Finally, a day at home with nothing on the calendar! Of course, the kids and I have a million things we want to do in what will prove to be too few hours. But we are still lounging in our p.j.’s, bellies full of homemade cinnamon rolls, so content to each be pursuing our own interests in each others’ company.
Jack Frost visited last night, so this was what I saw when I visited our backyard this morning:
I was able to pick a handful of what may be our last green beans of the season, along with a few hardy raspberries. I’ll return later for a handful of parsley to add to roasted cauliflower soup. A few Brussels sprouts, a bunch of salad greens, and some cherry tomatoes ripening on the kitchen counter compose the end of harvest from our garden this year.
While our too-full calendar has kept us away from my parents’ farm to enjoy harvest time, Molly and I were able to visit a small Urbana farm last weekend for a botanical illustration workshop led by local artist Cara Cummings. It was delightful! I am not confident at all in my artistic skills; I’m much more comfortable following patterns than being creative. Molly, however, can both follow instructions and act on inspiration, so I thought she’d especially like this experience of being guided by an accomplished artist and choosing her own subject, colors, etc. Of course, sharing an experience together was also sweet. Many more (professional) photos from the workshop can be found here.
Wes Jarrell, co-owner of Prairie Fruits Farm and Creamery, provided a tour for all the workshop participants. He and fellow owner Leslie Cooperband, along with a small staff, grow organic produce and flowers, and they also raise goats, whose milk they turn into many different and delicious cheeses and gelato.
Within the farm’s large shed, a classroom-type workroom space was made cozy with a wood-burning stove in one corner and heavy wooden beams overhead. Each participant had a large table to use, and task lights were set up to help us detect the interplay of lights and shadows on our subjects — flowers or foliage that we each chose upon our walk throughout the farm grounds. Mid-day, sack lunches were set out: sandwiches of turkey, greens, and goat cheese with homemade mustard or mayo; lentil and pear salad; oatmeal raisin cookies; craft sodas or lemongrass ginger iced tea. Whenever we needed a break from painting, we could wander out to visit the goats or chickens, page through an assortment of botanical illustration books, or scoot a couple of chairs close to the fire to warm our hands and feet. Such a great day with my gal!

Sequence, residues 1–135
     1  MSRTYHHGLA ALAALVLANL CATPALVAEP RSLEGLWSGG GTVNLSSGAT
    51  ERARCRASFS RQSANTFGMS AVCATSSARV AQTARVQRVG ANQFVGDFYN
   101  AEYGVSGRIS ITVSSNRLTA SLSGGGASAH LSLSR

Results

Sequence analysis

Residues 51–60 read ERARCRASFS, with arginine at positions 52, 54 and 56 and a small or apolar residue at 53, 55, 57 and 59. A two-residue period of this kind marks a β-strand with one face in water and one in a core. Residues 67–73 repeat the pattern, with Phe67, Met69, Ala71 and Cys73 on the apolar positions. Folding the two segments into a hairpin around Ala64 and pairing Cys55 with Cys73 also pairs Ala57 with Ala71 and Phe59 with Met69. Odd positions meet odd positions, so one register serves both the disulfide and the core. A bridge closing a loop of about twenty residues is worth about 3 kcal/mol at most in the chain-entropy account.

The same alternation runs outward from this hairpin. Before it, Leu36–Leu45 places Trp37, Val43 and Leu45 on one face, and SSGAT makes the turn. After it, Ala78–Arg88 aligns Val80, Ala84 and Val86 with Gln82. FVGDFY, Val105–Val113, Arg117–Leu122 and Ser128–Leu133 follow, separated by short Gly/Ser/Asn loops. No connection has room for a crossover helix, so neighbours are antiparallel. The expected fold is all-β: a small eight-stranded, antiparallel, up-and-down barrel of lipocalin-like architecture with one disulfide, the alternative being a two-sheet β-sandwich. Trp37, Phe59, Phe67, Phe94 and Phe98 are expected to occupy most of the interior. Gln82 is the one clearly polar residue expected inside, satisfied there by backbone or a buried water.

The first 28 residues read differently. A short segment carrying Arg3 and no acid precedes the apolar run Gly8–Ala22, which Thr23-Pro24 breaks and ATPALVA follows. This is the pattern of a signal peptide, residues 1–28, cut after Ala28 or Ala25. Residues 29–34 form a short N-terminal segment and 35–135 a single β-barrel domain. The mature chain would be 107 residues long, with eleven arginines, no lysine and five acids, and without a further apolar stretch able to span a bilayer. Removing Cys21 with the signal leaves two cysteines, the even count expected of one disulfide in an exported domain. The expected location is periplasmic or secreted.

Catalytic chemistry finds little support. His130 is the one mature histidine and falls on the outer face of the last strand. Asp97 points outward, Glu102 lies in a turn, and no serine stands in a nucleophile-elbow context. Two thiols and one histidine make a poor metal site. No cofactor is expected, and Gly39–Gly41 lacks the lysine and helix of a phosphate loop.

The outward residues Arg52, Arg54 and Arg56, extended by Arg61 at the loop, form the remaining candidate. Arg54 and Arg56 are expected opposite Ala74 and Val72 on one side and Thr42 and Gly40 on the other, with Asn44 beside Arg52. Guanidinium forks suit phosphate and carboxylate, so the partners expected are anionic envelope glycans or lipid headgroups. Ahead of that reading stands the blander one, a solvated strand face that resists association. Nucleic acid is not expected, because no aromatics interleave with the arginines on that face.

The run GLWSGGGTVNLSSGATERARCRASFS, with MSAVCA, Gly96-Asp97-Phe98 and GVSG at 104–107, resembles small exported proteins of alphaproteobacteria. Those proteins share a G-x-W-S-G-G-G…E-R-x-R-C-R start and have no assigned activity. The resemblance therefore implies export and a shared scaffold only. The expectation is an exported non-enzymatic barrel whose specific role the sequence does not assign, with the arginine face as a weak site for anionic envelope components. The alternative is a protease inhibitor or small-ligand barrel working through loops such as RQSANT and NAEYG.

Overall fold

At left are my drawing and corresponding painting; at right are Molly’s.
A great deal of rain has marked the change of seasons here this year. I’ve been caught unprepared — without umbrella, raincoat, and boots — on campus way too many times now. If I had enough clothes to spread around, I’d be smart to keep an extra outfit at work and another in the van, so that I wouldn’t have to suffer in chilly, wet gear for hours before I can get home and change clothes. (Read this as too much time away from home and too much time in the van! Or maybe I need to more closely examine the hourly forecast every morning?)